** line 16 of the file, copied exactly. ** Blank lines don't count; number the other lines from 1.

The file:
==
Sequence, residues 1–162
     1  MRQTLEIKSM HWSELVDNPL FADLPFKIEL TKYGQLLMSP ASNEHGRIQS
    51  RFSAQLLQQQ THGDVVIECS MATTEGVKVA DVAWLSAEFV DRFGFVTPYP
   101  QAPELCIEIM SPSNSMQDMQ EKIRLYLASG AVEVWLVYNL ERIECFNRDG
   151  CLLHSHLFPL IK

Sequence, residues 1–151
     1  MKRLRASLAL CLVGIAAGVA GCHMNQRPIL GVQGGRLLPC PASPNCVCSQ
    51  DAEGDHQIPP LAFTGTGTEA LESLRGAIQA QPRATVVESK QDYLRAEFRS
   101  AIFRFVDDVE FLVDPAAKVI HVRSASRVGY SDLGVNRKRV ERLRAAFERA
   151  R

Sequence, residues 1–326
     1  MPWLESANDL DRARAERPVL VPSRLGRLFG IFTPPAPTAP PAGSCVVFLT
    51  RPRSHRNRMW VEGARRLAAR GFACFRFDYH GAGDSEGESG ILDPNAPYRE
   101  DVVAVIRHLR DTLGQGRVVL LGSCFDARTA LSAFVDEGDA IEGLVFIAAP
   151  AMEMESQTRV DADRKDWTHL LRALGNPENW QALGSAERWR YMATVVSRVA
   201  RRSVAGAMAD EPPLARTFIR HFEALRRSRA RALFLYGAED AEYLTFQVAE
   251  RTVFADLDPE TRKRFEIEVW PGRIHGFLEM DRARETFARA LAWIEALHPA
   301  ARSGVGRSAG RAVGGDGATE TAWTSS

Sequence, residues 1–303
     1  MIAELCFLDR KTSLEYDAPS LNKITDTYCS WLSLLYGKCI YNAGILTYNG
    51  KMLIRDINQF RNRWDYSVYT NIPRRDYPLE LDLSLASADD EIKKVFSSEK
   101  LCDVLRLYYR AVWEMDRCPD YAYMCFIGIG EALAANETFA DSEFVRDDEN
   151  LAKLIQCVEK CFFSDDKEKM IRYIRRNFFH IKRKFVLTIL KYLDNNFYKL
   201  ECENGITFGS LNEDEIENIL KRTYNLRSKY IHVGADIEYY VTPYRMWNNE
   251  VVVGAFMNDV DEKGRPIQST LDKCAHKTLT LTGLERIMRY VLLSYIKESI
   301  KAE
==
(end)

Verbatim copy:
   201  RRSVAGAMAD EPPLARTFIR HFEALRRSRA RALFLYGAED AEYLTFQVAE